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How Netflix, Amazon & Indie $ Created Sellers’ Market

13 March 2016

From Deadline Hollywood:

The emergence of Netflix, Amazon and outside financiers in the auction process has transformed films and even books into an absolute sellers’ market. After Sundance saw Amazon scoop up numerous titles at premium including the $10M deal for Manchester By The Sea and Netflix post an astounding $20M offer for Nate Parker’s The Birth Of A Nation (he took $17.5M from Fox Searchlight for a traditional prestige theatrical release), we’re seeing the outsider influence in two big auctions going on right now. There is the Will Smith action film Bright, and the David Grann book Killers Of The Flower Moon: An American Crime And The Birth Of The FBI. In the latter case, at least one bidder surpassed $2M for an outright buy and word is this is headed for a $3M+ deal, because it hasn’t finished yet.

. . . .

Let’s take the book deal, first. When CAA put this out for bids, studios and producers loved it, even if it is period, not overtly commercial and execution-dependent. It is a sprawling story, the kind that attracts actors like catnip, and one that could even lend itself to a True Detective-like limited series. So when Deadline revealed the book and its bidders earlier this week, expectations were a nice six- against seven-figures deal. Now, word is that at least one outside bidder has stepped up to over $2M for an outright purchase, and the question will be, does price win this, or elements? And, will a studio pay more than it is comfortable with, to keep a promising project from getting away?

. . . .

It was unclear who the biggest bidder is, so some of this is fast and loose. Rumors pegged AG Capital’s Alex Garcia and Laura Walker while others suggested it was a financier on the James Gray-directed Lost City Of Z (Ascot Elite Entertainment Group?). There are also expectations that Netflix will enter the fray in a bid with producer Scott Stuber (he’s Universal-based, but Jason Blum and Scott Rudin have it for that studio), and PalmStar Media is also in the mix as well. All this could wind up making Killers Of The Flower Moon a book that sells for an enormous sum. For someone covering books for as long as I have, this is reminiscent of the stampede to win rights to The Horse Whisperer, the Nicholas Evans novel that was bought for $3M by Disney and turned into a 1998 Robert Redford film best remembered for launching the career of Scarlett Johansson.

. . . .

So what’s wrong with the economics being driven up by new buyers, when cost-conscious studios crunched deal largesse over the past few years? There is a danger, said one seasoned studio observer watching all this unfold: “The theatrical business, which is important for those of us who love film in theaters, depends on profit and loss. All studios are equal and compete equally in that regard. All of us at the studios have to make a profit. Like Amazon, Netflix does not have to make a profit. For them it’s all about their valuation on Wall Street, which comes only from the number of subscriber growth. So they actually have no P&L on individual projects. They can pay whatever they want. This is how Amazon drove every bookstore out of existence. Netflix wants to destroy the theatrical ecosystem. I admire them for it, from a business school standpoint. It’s true disruption. But, long term, the art form will suffer.”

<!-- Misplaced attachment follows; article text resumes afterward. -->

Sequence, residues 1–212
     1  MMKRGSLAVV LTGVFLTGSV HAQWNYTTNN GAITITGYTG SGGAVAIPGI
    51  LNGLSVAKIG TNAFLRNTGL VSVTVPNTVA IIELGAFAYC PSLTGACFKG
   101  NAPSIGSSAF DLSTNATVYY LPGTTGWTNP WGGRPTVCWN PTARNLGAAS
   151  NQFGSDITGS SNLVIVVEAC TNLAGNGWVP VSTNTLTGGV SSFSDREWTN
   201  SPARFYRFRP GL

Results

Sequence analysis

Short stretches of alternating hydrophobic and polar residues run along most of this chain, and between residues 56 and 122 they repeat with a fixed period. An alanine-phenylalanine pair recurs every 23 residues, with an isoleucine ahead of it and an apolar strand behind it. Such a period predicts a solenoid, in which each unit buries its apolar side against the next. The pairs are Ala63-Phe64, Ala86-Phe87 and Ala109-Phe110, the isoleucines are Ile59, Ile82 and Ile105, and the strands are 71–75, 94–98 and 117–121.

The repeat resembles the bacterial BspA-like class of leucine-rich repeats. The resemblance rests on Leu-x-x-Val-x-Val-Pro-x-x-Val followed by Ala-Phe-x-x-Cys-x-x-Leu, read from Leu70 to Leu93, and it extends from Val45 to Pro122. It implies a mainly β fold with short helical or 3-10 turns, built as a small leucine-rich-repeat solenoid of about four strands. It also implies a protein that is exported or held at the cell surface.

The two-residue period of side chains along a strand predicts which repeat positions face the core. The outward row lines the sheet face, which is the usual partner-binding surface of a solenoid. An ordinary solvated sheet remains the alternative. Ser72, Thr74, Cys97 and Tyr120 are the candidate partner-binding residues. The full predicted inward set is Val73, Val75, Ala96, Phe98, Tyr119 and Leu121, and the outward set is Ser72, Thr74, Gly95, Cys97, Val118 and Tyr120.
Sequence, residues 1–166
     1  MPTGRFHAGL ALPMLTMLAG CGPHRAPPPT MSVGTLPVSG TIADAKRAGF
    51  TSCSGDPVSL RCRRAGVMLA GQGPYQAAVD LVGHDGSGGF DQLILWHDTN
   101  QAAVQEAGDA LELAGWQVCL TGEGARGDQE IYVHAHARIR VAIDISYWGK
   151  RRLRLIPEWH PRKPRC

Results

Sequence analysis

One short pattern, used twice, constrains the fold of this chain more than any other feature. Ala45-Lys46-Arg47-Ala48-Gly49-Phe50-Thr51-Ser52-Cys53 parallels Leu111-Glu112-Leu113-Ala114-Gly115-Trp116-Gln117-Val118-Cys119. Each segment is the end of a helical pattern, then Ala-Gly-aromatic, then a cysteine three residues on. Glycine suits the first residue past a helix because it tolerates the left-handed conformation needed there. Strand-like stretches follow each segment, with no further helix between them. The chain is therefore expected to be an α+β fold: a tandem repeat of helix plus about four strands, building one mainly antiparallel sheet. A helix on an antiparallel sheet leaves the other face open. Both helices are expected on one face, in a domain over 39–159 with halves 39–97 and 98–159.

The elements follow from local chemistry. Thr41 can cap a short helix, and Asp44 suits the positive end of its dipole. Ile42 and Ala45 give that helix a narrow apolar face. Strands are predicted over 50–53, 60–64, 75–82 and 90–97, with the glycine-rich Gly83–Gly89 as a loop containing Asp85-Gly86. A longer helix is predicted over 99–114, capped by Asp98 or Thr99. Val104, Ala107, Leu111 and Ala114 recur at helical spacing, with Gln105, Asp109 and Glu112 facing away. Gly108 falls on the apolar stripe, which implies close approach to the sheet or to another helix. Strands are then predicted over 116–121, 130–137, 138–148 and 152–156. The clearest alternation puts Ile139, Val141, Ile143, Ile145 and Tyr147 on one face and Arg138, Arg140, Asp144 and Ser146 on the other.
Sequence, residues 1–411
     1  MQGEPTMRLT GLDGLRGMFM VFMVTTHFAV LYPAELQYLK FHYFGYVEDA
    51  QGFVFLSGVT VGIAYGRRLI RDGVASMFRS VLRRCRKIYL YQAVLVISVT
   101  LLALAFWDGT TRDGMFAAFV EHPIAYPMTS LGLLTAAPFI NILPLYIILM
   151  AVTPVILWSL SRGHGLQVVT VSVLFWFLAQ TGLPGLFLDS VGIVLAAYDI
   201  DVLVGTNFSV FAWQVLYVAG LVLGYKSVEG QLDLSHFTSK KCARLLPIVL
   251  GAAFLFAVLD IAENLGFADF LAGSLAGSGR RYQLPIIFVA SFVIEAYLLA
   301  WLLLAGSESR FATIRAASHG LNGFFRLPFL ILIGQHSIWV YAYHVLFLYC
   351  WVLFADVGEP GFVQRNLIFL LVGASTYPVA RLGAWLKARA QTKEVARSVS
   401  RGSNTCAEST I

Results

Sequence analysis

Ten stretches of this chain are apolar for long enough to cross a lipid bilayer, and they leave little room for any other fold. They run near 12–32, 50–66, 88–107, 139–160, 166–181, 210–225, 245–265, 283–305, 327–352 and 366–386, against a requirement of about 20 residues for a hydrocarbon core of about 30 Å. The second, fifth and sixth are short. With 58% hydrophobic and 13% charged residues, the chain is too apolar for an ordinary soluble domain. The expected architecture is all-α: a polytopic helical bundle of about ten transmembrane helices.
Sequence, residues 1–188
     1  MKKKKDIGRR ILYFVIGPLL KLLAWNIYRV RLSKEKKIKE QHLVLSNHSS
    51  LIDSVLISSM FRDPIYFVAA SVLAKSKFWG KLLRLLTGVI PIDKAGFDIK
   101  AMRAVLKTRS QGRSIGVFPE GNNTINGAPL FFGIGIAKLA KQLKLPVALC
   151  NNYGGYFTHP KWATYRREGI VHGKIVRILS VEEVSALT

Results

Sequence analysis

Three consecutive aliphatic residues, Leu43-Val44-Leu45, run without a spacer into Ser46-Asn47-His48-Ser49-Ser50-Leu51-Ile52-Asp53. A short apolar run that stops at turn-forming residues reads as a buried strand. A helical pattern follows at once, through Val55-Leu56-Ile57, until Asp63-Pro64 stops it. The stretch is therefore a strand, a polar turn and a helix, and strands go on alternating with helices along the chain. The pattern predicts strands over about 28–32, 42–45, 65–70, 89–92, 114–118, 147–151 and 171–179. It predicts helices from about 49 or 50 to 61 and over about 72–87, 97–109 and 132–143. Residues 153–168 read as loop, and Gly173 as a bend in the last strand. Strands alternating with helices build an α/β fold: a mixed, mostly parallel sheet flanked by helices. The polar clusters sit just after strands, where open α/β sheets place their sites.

Link to the rest at Deadline Hollywood and thanks to Judith for the tip.

Amazon, Books in General

21 Comments to “How Netflix, Amazon & Indie $ Created Sellers’ Market”

  1. “All studios are equal and compete equally in that regard. All of us at the studios have to make a profit. Like Amazon, Netflix does not have to make a profit.”

    Which shows the true roots of their problem. Not every movie attempt pans out, some bomb, not all ‘make a profit’.

    They’re just upset that there are more players bidding, much as trad-pub is upset that indies can bypass them in getting to their readers …

    • It goes back to trimming the overhead to increase the profit.

      Though personally, I like how the unnamed studio observer accidentally admitted that the studios do profit form every movie. Just like the trad publishers. 😀

    • “All of us at the studios have to make a profit.”

      Wait: isn’t it notorious that no Hollywood movie ever “makes a profit”, at least if you’ve signed any deal that gives you a share of the profits?

      Hollywood accounting is infamous for its lack of connection with objective reality. Heck, there’s even a Wikipedia article about it.

      https://en.wikipedia.org/wiki/Hollywood_accounting

      🙂

      One of the examples given in the article is Return of the Jedi. $475 million at the box office. $32.5 million budget. According to Hollywood accounting, it has never shown a profit.

  2. Sigh. Looks like PG needs to add “NDS” to his acronym list…

  3. I can’t read about some of these fights without irritation. Here in rural satellite internet land, with capped download capacities, the world of streaming video movies might as well be in another star system.

    At least I can eventually get disks from Netflix. But not Amazon. Everytime I see an Amazon Video ad, my blood pressure rises. I’m a Prime customer, I spend thousands on Amazon yearly, and I’m nothing to them in this area. When they get an exclusive, I’ll never, ever, get to see it.

    • Alas, it’s an infrastructure issue snd Amazon isn’t in the broadband business. Yet.
      Until they do there isn’t much they can do.
      Your best hopes lie with Google and the success of Project loon. It’s underway.

    • To be fair, I’m not sure what Amazon could do about your inadequate internet access. That said, cable in this country is the monopoly everyone should actually be worried about. However, it is slowly destroying itself through the industry’s unwillingness to face reality.